The use of both NSAIDs and opioids concurrently for the treatment of acute pain is common practice. Adding an NSAID to an opioid regimen reduces opioid requirements, which could lead to a decrease in opioid-related side effects. A key weakness of the evidence for such practical benefit, based on studies that have evaluated the opioid-sparing effect of NSAIDs, is that they were not designed to detect a difference in the incidence and severity of side effects. To detect a difference in side effects between treatment groups, in general, larger numbers of patients are needed than simply to evaluate analgesia or opioid requirements.
Therefore, we designed a large study, first to compare the analgesic efficacy of an NSAID and an opioid in a head-to-head trial by determining the proportion of subjects who obtained adequate postoperative pain relief 30 min after analgesic administration, and second to determine whether the opioid-sparing effect of NSAIDs decreases the risk of opioid side effects, by comparing opioid requirements and side effects in patients who received ketorolac plus morphine or morphine alone.
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Materials and Methods

Patients
This study was approved by the Institutional Review Board of San Ignacio Hospital (Bogota, Colombia), a tertiary care university teaching hospital. Individuals who agreed to participate provided written informed consent before surgery. We recruited patients from May 2003 until November 2003. Patients aged between 18 and 60 yr who underwent surgical procedures were potentially eligible for the study. We excluded subjects older than 60 yr because in this population, it is necessary to decrease the dose of opioids to reduce the likelihood of side effects.9 Patients were ineligible if they were pregnant, had asthma, were allergic to NSAIDs, had a history of gastric ulcer or abnormal renal function, had received NSAIDs 6 h before surgery or during surgery, had a history of long-term opioid use, had received an opioid within 5 days before surgery, or had postoperative hemodynamic instability, e.g., due to intraoperative blood loss.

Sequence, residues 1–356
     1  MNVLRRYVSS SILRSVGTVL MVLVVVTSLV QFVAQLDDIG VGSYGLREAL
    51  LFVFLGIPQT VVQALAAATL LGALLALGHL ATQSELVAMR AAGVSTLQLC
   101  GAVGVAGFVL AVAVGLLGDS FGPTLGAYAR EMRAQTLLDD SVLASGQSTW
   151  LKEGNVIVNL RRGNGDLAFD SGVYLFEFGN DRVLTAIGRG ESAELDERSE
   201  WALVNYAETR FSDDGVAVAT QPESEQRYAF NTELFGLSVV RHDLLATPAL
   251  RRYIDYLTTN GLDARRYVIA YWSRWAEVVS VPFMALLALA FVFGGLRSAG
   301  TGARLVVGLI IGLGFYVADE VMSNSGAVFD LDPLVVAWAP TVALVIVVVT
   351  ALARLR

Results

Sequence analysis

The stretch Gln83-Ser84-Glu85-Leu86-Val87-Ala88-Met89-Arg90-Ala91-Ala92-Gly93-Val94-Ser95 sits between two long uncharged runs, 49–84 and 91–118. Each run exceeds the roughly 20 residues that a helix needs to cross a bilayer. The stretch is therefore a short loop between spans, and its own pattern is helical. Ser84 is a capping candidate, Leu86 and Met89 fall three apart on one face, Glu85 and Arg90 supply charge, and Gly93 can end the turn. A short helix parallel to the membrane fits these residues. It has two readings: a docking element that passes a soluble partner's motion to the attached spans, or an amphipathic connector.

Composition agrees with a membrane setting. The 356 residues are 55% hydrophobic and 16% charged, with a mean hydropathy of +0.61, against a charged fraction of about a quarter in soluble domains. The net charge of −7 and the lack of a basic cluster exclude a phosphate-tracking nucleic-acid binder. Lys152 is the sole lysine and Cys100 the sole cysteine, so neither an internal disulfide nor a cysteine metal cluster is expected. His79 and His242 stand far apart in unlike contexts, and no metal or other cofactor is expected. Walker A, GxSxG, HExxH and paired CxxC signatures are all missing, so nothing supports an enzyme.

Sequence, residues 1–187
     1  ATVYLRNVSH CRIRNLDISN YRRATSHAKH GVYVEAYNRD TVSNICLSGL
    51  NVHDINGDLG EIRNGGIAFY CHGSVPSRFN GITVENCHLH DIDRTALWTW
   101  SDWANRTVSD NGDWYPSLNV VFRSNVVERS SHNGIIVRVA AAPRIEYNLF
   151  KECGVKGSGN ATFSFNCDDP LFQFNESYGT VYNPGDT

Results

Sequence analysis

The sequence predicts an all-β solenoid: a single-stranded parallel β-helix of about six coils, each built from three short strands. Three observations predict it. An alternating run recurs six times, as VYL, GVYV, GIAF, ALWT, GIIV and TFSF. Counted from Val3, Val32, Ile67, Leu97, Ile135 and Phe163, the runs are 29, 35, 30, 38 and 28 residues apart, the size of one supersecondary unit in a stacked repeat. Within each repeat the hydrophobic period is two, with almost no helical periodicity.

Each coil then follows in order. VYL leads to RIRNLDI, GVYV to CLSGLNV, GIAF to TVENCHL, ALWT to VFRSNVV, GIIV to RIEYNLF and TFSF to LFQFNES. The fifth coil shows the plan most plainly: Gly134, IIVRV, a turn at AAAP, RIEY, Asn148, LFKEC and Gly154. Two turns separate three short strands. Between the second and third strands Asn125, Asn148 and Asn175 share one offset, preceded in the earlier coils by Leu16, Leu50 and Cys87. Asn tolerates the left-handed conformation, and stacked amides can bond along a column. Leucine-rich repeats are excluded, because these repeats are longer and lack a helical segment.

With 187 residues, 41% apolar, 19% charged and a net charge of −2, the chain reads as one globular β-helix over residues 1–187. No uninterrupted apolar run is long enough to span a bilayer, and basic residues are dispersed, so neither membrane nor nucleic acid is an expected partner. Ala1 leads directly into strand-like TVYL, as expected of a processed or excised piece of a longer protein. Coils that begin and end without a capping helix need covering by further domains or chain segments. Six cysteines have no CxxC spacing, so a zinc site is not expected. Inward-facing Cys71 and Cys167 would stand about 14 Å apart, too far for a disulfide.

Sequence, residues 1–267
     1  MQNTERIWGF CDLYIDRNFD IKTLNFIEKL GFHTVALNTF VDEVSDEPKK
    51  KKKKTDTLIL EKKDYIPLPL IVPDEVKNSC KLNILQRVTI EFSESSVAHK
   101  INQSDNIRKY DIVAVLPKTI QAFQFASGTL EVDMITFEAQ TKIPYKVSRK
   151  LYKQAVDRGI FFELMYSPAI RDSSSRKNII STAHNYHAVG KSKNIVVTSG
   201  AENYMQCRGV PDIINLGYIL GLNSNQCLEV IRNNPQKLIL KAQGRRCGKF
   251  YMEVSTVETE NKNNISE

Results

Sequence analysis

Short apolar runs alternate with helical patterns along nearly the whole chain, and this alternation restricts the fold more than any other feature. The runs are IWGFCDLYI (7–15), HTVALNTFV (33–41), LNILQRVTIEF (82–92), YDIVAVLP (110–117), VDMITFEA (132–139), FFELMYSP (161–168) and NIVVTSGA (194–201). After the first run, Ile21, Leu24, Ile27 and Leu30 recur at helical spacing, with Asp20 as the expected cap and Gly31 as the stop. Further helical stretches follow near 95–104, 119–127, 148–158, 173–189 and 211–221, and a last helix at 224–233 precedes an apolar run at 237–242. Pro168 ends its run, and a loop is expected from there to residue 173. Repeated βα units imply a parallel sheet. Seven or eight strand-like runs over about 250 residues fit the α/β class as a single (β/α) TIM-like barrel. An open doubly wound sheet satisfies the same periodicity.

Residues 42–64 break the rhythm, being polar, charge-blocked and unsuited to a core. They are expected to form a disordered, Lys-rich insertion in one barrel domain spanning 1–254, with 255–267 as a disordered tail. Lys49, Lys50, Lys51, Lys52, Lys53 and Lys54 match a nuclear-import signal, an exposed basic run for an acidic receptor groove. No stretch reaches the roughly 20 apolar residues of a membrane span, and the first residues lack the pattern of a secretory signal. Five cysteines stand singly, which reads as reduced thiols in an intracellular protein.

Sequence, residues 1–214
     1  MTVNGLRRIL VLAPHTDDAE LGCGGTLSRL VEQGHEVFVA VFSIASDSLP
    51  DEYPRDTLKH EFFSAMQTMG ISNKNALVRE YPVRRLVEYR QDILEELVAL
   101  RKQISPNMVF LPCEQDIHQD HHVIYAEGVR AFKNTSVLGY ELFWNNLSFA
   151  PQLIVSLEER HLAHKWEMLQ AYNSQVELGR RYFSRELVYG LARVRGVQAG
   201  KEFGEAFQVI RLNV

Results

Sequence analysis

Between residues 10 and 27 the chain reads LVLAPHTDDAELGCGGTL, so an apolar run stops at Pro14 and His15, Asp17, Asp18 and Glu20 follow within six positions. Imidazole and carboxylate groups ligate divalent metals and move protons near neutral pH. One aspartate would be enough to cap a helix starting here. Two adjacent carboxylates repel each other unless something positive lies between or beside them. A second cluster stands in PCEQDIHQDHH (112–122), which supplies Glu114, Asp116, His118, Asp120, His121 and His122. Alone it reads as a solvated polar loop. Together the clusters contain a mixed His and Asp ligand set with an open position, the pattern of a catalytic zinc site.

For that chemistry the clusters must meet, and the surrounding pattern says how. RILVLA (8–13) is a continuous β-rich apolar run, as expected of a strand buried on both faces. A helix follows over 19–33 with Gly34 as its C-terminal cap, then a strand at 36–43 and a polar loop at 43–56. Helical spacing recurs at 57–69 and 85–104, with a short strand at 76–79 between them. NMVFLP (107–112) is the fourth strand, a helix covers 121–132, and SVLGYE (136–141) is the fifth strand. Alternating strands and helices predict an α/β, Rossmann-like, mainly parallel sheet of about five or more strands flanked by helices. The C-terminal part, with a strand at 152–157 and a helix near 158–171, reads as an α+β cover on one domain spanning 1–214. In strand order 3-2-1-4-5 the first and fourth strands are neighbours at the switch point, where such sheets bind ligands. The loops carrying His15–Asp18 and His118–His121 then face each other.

We placed no restrictions on the type of anesthetic or other intraoperative medication except that the use of NSAIDs was not allowed and that fentanyl was the only opioid permitted. The intraoperative dose of fentanyl used, if any, was recorded.
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Assignment
We conducted a randomized, double-blind, controlled trial. In the postanesthesia care unit, we randomly assigned patients who reported pain of at least moderate intensity to receive ketorolac or morphine. To ensure that the number of subjects with moderate to severe pain intensity was similar in each treatment arm, we performed a stratified randomization, using a computer-generated random number program.
The randomization was concealed; the operating room pharmacy was in charge of treatment assignment, preparation of the solutions, and handing the corresponding solution to the evaluator.
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Intervention
When patients arrived in the postanesthesia care unit, we asked them to describe their pain as none, mild, moderate, or severe. Patients were randomized if their pain intensity was at least “moderate.” The analgesic infusion of 30 mg intravenous ketorolac or 0.1 mg/kg morphine over 3–5 min then began, from the start of which we asked patients to rate their pain intensity at rest on a 0–10 numerical rating scale, where 0 represents no pain and 10 represents the worst pain imaginable, every 10 min.
If the pain intensity 30 min after initiation of the analgesic infusion was 5 or higher, patients in both groups received a bolus of 2.5 mg intravenous morphine every 10 min until their pain intensity was 4 or less. Therefore, one group received only morphine for postoperative analgesia (morphine group) and the other group received ketorolac followed by morphine (ketorolac–morphine group).